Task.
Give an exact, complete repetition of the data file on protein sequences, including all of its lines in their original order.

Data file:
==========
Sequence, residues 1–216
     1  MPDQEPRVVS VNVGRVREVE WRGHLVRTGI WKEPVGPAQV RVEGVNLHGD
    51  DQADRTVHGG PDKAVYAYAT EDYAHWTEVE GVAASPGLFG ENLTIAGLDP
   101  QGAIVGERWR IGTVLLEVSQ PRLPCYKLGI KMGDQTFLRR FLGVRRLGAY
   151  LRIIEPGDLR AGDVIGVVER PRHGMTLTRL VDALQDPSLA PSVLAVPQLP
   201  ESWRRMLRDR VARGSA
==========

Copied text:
Sequence, residues 1–216
     1  MPDQEPRVVS VNVGRVREVE WRGHLVRTGI WKEPVGPAQV RVEGVNLHGD
    51  DQADRTVHGG PDKAVYAYAT EDYAHWTEVE GVAASPGLFG ENLTIAGLDP
   101  QGAIVGERWR IGTVLLEVSQ PRLPCYKLGI KMGDQTFLRR FLGVRRLGAY
   151  LRIIEPGDLR AGDVIGVVER PRHGMTLTRL VDALQDPSLA PSVLAVPQLP
   201  ESWRRMLRDR VARGSA